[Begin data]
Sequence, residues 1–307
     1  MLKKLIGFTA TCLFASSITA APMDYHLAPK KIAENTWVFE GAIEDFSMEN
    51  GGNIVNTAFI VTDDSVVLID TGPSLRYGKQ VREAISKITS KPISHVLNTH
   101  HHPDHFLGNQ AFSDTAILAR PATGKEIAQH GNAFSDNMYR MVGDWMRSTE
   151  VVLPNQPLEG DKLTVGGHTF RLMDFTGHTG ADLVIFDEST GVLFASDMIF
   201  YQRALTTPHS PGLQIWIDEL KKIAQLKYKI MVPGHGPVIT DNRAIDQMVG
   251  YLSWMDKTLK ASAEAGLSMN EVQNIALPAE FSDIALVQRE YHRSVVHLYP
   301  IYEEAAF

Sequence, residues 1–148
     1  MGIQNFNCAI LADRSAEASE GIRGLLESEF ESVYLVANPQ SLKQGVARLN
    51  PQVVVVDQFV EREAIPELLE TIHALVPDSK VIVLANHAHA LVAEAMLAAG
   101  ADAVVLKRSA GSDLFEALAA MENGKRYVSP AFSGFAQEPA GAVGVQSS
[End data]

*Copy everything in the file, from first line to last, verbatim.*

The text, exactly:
Sequence, residues 1–307
     1  MLKKLIGFTA TCLFASSITA APMDYHLAPK KIAENTWVFE GAIEDFSMEN
    51  GGNIVNTAFI VTDDSVVLID TGPSLRYGKQ VREAISKITS KPISHVLNTH
   101  HHPDHFLGNQ AFSDTAILAR PATGKEIAQH GNAFSDNMYR MVGDWMRSTE
   151  VVLPNQPLEG DKLTVGGHTF RLMDFTGHTG ADLVIFDEST GVLFASDMIF
   201  YQRALTTPHS PGLQIWIDEL KKIAQLKYKI MVPGHGPVIT DNRAIDQMVG
   251  YLSWMDKTLK ASAEAGLSMN EVQNIALPAE FSDIALVQRE YHRSVVHLYP
   301  IYEEAAF

Sequence, residues 1–148
     1  MGIQNFNCAI LADRSAEASE GIRGLLESEF ESVYLVANPQ SLKQGVARLN
    51  PQVVVVDQFV EREAIPELLE TIHALVPDSK VIVLANHAHA LVAEAMLAAG
   101  ADAVVLKRSA GSDLFEALAA MENGKRYVSP AFSGFAQEPA GAVGVQSS